From Zanesville, we turned south-west and away from the headwind a little. It was noticeably easier straight away, we were both relieved. We were both still quite tired though, and a couple of big hills ensured we’d sleep pretty well tonight. Almost there, I sent Shazz on ahead while I cycled down the road towards Huntington and a BP service station we’d seen on the map. I figured I’d get a few beers and something to eat as the State Park was only a primitive campsite (drop toilets, no shower or shop).
The BP was about 6kms down the road against the headwind, so I wasn’t too happy to find that they didn’t sell beers! Gutted, I bought something to eat and some soft drinks and headed back, cursing Indiana and their archaic drinking laws.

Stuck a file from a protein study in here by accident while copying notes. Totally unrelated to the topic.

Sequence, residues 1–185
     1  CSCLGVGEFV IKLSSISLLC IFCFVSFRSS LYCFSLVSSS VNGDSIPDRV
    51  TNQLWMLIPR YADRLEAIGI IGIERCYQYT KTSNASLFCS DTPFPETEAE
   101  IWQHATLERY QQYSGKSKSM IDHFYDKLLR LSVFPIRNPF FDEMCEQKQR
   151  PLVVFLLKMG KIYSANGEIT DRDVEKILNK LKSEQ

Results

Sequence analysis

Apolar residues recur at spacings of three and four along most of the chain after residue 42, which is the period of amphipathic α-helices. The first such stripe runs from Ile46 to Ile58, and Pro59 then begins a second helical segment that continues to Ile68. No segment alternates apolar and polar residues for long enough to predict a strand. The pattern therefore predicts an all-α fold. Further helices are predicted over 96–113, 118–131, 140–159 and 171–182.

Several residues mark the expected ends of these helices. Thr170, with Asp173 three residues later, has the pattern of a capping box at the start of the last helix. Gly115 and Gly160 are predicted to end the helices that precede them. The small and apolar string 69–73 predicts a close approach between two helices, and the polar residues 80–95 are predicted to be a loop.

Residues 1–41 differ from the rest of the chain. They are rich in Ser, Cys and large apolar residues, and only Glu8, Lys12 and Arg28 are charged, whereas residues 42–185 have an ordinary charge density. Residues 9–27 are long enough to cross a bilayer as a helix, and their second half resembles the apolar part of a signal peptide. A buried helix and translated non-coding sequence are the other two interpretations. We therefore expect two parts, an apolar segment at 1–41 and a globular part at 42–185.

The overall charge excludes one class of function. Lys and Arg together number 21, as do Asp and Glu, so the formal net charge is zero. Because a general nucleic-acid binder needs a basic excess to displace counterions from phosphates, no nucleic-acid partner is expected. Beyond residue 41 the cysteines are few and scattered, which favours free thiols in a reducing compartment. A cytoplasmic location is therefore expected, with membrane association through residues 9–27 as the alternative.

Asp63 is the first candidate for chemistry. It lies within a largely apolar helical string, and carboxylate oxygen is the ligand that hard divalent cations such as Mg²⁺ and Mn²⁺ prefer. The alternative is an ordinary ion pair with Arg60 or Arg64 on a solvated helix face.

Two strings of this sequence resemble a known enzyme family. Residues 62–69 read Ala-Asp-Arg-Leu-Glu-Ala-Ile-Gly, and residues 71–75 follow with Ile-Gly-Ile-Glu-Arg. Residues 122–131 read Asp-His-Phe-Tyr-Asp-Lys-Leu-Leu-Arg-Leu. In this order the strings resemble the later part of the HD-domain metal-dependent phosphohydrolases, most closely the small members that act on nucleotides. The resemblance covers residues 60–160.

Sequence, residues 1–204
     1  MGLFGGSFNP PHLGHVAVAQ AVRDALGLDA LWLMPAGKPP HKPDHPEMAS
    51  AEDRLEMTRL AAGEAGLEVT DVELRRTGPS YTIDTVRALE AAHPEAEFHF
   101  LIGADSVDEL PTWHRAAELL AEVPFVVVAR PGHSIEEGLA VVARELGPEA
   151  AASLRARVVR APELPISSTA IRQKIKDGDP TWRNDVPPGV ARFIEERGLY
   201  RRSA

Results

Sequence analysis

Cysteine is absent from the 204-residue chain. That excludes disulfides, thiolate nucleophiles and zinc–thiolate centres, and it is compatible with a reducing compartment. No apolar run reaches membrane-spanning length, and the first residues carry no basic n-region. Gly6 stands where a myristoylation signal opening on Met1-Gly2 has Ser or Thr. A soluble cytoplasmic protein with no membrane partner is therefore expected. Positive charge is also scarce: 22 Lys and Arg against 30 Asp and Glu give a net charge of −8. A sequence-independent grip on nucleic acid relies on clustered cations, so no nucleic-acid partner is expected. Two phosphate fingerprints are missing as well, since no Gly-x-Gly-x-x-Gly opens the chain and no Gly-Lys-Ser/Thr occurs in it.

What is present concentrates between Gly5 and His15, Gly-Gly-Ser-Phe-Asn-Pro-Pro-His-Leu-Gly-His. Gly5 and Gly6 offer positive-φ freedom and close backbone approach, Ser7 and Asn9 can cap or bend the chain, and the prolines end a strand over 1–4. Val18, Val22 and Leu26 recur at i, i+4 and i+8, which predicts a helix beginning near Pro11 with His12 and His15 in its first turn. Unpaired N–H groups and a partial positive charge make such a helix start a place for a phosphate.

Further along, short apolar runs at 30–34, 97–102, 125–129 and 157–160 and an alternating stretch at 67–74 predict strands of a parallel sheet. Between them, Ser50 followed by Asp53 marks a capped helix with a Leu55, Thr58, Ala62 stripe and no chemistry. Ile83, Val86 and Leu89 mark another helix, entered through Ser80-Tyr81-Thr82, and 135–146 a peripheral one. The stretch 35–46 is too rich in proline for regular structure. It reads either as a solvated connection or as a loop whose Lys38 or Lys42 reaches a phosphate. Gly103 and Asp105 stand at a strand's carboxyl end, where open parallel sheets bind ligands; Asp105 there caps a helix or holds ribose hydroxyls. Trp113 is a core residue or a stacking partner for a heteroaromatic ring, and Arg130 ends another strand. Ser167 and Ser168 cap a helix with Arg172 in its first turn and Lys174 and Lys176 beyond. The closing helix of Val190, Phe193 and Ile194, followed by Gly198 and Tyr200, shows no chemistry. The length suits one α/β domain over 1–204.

I found Shazz waiting for me in the shade, there were plenty of free campsites, so we chose one and pitched the tent next to a picnic table. The tree next to us provided some much-needed shade as we laid out the tarp and rested our weary bodies. A little later, a guy rode by with his wife and son and wanted to know about our bikes and our trip. After the usual story, I happened to mention that I’d ridden down to the BP for nothing trying to find a beer. He laughed as if I was telling him a joke and they said goodbye and rode off.
About an hour later, I sat staring at a soft drink that was way too sweet and undesirable. I heard someone call my name, looked up, and here was this fellow standing there with 2 beers in his hand. He said he had plenty and couldn’t see why we shouldn’t have one too after our arduous day. I nearly kissed him, I was so happy! We got him to pose with him for a photo and, just as he’d appeared, he was gone. He had made my day, it was only one beer each, but it was the thought that counted for me. I almost inhaled the whole thing in one go anyway.